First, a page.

WMDs. War.
Do I really need to discuss this one? No, didn't think so. Except to say that Howard referred to anti-war protesters as a "mob".

Ill treatment of Kylie Russell
SAS Sergeant Andrew Russell was the first Australian casualty in Afghanistan. On 23 October 2003 GWB announced that he was going to lay a wreath in his honour at the War Memorial. Kylie Russell was not invited. The government didn't bother to contact her to tell her. Her MP, Graham Edwards, had to tell her of it. He found out when Bush addressed Parliament. It wasn't until a week later, at the behest of Edwards, did Howard bother to contact her. He sent a letter, but didn't send so much as a photo of the wreath laying. In 2004 the US government treated Kylie Russell better than her own did. The US Ambassador met her at a function in Perth that was honouring her husband. She later presented with photos of the Bush visit, personally signed to her. She was also invited to the US, was gifted with airfares and visited the White House, Pentagon and SAS base. John Howard has never made an effort to meet Kylie.

Tax deductions to NGOs
Costello has tried to revoke the tax concessions and deductibility of donations to NGOs who make an attempt to influence (change) existing policies and laws. If the tax status is changed for NGOs, then few people would donate money to them and they'd have to shut down. Thereby reducing the amount of criticism the government has to face. The purpose of NGOs is to influence government policy so to reduce the numbers to those who are in agreement with the government is to silence yet another avenue of the voice of the people.


Throughout the book you also have the complicit nature of the MSM. The fear they have of the current government. When the media is stifled to such a degree that those who aren't cheerleaders for the government are afraid of what ramifications there are of being honest with the public, then you have some serious problems. This has been highlighted by the recent report commissioned by the media.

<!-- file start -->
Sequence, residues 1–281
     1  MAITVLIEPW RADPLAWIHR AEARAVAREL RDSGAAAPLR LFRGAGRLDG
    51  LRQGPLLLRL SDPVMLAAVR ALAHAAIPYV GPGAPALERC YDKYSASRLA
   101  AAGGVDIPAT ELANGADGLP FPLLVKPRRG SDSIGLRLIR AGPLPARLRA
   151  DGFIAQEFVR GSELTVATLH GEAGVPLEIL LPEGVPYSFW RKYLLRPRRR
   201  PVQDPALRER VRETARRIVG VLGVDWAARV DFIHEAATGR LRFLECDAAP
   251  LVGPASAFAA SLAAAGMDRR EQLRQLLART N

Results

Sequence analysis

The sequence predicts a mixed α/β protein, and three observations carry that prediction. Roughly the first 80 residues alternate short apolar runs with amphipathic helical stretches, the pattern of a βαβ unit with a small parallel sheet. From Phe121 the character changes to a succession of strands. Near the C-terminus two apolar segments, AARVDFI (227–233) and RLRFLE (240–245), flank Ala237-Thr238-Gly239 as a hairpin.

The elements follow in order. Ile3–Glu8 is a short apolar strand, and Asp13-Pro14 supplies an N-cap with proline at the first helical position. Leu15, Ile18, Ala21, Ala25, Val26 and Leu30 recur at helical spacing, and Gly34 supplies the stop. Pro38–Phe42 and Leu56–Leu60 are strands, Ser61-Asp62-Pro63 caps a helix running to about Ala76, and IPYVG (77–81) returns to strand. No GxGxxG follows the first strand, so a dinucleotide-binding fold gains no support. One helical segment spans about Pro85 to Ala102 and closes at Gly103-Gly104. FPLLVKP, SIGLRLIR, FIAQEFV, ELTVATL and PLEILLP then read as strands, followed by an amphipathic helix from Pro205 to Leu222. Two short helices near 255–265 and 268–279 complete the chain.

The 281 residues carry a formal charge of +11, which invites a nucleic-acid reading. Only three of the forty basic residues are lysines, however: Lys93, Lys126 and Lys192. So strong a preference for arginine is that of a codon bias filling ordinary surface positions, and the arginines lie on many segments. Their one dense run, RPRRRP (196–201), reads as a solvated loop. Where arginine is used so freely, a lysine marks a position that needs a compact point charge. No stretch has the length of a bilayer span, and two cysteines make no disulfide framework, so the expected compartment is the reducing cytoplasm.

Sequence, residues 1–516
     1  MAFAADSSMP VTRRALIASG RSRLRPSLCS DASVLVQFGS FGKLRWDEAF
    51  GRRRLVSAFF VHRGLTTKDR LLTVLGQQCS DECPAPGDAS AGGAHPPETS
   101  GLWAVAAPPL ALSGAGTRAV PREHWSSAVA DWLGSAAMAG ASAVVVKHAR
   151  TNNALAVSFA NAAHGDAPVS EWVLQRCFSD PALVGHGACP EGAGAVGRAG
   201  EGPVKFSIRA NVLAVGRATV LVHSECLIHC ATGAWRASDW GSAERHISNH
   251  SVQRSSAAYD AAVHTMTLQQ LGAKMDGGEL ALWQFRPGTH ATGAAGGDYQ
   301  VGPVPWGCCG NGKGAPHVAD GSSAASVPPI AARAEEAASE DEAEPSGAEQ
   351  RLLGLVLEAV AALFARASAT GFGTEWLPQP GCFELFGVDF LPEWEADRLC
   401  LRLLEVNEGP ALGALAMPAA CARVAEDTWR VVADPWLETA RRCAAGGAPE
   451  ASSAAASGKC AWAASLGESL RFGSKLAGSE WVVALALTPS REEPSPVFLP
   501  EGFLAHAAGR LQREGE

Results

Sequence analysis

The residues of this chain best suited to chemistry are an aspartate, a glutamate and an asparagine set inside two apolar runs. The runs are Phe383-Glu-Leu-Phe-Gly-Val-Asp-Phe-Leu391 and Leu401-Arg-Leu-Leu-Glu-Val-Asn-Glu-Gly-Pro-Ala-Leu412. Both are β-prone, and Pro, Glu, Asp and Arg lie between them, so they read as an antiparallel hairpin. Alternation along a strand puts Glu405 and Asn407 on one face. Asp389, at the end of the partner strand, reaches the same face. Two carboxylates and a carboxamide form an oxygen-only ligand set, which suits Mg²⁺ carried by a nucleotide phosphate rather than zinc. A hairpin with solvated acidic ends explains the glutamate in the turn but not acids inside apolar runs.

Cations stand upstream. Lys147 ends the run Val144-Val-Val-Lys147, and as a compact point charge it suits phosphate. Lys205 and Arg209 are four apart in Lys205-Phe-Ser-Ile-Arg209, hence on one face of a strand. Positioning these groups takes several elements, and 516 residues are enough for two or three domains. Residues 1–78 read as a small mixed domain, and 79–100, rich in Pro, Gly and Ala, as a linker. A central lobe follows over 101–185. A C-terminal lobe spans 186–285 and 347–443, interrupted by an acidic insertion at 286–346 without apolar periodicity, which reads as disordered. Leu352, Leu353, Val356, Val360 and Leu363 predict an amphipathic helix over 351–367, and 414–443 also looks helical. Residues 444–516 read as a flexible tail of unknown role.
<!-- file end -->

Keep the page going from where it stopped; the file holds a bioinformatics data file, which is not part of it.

The 2006 cross-media ownership changes don't help things. Australians are getting a more narrow view of what goes on not just in our country, but the world. We need more independent media to get the information out there.

I cannot recommend this book enough.


In addition to the above issues, we have to remember some other things that have occurred during the current government's reign:

  • AWB (not just the oil-for-food scandal itself, but the hands-tying of the Cole Commission)
  • WorkChoices
  • Cornelia Rau
  • Vivian Alvarez
  • David Hicks
  • Mamdouh Habib
  • VSU
  • Anti-Terrorism Act 2005
  • Changing the electoral enrolment rules, ban on prisoners voting (later overturned by the High Court)
  • Mohamed Haneef
  • Detention of asylum seekers

These are the ones I can think of off the top of my head. Feel free to remind me of more in the comments and I will add them to the list.


Thought of two more (and I can't believe I forgot them!):

  • Marriage Act
  • Refusal to give same-sex couples the same rights as hetero couples